A 365-Day Project
"We Are All Mozart"
A project to create
Compositions are analyzed for theory and structure, often in great detail. Conversely, composers work to theories and structures.
Perhaps it's laziness, perhaps a lack of interest, perhaps a burr under the psychological saddle about rules, but when a rule presents itself to me, especially a rule that comes without physical cause and effect, I want to break it, then and there. Like any composer, I studied -- voluntarily and not -- the theories of music from ancient times onward. Dog-eared scores, books of analysis, histories and biographies fill my shelves, some old enough to have yellowed as I have grayed. A cranial multitrack haze of voices joins fractured images and broken words, a cracking varnish on the surface of the imagination of sound. And throughout all those years, I have had but one ultimate reaction to it all: boredom.
From the first day I put pencil to paper, intuition was my companion. Not guide -- intuition is the worst guide -- but companion. Intuition is that moment between sense and logic, where the image is apprehended but not comprehended. It's the wordless sensibility that lets us stick up a finger and say with certainty, "that one, please." It's the moment that time branches.
Out of intuition came the unifying theory of my own work, which has never been set out in detail. So here it is, and where it came from.
The moment between apprehension and comprehension is variously thought of as déjà vu or The Twilight Zone. Time not only branches, but it slips. Time flies when you're having fun. A watched kettle never boils. Time stopped. It felt like an hour. A minute passed, and then another minute. Who knows where the time goes. Wherever and whenever time goes, it leaves no trace of itself and is unrecoverable.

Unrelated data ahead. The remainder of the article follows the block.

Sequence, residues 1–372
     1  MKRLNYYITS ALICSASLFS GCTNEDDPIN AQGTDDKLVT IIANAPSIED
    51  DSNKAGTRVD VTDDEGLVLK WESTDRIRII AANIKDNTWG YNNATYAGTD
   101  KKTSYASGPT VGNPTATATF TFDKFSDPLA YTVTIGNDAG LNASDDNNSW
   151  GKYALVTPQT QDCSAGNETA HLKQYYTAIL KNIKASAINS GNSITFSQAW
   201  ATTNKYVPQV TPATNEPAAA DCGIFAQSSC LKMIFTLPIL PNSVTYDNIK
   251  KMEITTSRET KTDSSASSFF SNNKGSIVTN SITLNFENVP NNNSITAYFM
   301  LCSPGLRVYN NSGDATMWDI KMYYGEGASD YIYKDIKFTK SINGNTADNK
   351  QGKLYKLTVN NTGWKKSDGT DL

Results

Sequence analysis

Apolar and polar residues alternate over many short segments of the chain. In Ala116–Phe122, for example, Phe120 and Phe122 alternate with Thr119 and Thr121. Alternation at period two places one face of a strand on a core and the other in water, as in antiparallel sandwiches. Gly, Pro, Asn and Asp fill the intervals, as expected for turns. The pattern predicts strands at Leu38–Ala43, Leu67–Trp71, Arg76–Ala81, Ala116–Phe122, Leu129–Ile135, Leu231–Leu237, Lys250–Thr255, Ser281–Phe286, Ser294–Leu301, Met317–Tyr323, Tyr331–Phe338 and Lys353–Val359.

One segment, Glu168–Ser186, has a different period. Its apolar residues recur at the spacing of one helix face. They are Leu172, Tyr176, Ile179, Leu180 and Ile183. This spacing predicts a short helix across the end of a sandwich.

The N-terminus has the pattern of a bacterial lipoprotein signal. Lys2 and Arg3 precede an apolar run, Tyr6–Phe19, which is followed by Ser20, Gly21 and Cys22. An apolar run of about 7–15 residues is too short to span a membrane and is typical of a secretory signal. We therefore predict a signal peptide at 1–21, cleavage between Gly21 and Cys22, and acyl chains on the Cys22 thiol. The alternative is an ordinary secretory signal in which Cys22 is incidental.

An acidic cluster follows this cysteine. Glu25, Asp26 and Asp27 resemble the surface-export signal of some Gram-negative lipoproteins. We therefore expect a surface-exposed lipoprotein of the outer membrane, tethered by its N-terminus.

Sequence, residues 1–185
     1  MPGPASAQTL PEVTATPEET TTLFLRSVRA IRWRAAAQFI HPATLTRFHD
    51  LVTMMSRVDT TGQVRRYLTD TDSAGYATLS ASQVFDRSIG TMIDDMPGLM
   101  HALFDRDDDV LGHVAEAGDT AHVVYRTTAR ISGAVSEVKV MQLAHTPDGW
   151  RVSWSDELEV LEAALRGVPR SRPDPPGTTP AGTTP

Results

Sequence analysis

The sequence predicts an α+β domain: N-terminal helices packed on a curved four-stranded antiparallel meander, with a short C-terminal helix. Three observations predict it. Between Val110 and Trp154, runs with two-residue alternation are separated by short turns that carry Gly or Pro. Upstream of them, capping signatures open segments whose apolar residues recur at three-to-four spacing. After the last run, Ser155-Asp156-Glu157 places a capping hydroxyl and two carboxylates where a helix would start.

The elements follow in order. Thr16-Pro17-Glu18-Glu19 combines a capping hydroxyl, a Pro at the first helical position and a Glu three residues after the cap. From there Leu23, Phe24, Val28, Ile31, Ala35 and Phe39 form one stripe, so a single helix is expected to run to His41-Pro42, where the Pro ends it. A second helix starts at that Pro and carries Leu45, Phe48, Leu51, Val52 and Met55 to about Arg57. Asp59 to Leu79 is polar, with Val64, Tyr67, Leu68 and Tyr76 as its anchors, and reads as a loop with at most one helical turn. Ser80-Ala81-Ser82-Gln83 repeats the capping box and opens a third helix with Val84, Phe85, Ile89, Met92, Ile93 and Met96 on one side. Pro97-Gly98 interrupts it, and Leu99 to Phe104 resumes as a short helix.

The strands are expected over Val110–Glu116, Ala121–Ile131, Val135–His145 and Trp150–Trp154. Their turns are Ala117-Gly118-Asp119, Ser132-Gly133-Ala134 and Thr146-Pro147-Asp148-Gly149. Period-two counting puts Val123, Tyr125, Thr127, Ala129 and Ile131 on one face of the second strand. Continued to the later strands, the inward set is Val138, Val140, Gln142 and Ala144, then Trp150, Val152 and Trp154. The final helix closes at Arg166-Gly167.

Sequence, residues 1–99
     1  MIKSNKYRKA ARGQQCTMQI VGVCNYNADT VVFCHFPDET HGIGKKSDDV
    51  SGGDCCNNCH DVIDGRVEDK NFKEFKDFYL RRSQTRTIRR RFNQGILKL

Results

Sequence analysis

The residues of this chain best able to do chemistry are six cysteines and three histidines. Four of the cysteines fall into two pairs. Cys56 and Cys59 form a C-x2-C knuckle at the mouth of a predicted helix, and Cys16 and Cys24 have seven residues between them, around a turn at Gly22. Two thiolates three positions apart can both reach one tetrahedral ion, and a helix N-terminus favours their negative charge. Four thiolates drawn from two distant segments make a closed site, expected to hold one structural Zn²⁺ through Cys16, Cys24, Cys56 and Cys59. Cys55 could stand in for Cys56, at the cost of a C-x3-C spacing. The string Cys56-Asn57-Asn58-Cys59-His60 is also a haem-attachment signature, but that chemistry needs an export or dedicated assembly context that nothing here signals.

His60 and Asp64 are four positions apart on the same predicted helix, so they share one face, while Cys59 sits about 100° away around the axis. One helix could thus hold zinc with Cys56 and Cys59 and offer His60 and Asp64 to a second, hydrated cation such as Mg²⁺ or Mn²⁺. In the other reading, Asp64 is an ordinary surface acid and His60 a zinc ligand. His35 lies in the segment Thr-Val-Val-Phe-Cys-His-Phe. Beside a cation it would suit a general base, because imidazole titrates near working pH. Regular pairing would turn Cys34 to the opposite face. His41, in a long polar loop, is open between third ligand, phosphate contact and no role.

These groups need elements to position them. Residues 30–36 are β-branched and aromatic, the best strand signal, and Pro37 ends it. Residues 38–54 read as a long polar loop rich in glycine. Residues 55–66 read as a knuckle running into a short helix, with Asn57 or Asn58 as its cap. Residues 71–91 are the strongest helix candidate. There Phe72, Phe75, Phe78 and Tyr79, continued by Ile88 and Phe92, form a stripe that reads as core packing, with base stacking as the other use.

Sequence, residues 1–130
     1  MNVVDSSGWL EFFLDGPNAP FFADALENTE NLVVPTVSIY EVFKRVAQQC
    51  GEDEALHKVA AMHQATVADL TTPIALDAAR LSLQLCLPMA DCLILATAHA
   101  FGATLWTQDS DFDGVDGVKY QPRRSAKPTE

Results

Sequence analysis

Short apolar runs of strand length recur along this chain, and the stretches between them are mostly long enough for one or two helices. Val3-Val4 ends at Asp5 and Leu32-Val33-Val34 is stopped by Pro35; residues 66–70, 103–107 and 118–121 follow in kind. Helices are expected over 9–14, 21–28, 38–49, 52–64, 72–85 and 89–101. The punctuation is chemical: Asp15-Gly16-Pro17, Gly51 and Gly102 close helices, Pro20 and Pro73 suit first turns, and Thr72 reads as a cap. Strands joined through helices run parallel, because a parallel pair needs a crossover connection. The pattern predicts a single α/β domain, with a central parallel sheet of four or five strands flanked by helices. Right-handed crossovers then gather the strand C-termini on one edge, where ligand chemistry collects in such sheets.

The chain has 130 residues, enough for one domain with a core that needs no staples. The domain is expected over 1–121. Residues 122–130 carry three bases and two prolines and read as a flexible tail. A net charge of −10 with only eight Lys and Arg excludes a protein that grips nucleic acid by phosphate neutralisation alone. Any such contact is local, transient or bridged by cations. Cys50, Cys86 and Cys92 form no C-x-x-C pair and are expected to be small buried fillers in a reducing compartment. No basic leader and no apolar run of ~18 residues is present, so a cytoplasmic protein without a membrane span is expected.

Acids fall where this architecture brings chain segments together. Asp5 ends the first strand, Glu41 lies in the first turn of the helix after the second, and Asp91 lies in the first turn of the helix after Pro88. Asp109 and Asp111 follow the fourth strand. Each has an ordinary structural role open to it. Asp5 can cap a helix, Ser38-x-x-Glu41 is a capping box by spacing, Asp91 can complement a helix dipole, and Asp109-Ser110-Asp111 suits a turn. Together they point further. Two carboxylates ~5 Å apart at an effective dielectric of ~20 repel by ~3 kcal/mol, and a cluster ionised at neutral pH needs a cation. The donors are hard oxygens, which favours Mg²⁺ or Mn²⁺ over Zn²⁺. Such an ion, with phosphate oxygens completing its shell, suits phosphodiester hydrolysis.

Artistic and especially musical significance could be found in the slippage of time at different moments for different people, and in the ever-presence of everything. Tautological though the latter may be, it took five years to shake the traditionally divided structures, grasping that evolution and heartbeat, fog and pattern could inhabit the same planet and infuse the same senses, and create a sound work -- electroacoustic, it would later be called -- whose progress counterpointed melody with sliding electronic sound-image. The Composition for Tape and Soloists (1969) was a scrappy piece, unsure of its direction and dependent on a cloudiness of sound colors in a flexible temporal grid. Still with melody, though, and still a grid.
The diffuseness was brought to Exequy (1971), where the placement of sounds in time varied from the precise to the diffuse. Each part shrugged off the rhythm of neighboring parts, proceeding through time at the speed of pain or joy or boredom. The idea was to travel separately but arrive together (o! aleatory!), and fill the silence. (Cage's 4:33 was not a discovery. There was never silence in my experience.)
The concept of slipping time was encouraged especially by the fluidity and imprecision of analog electronic work and extended voice composition. Construction "on nix rest... in china" (1972) used an open score over a heavily sampled multitrack background; i cried in the sun aïda (1973) brought voices and implied emotion in and out of focus; the first String Quartet (1974) wound irregularly through fluid graphical patterns to replace the circumscription of vertical and horizontal; and Cy-Gît (1976) overlay separate, self-standing compositions to make one.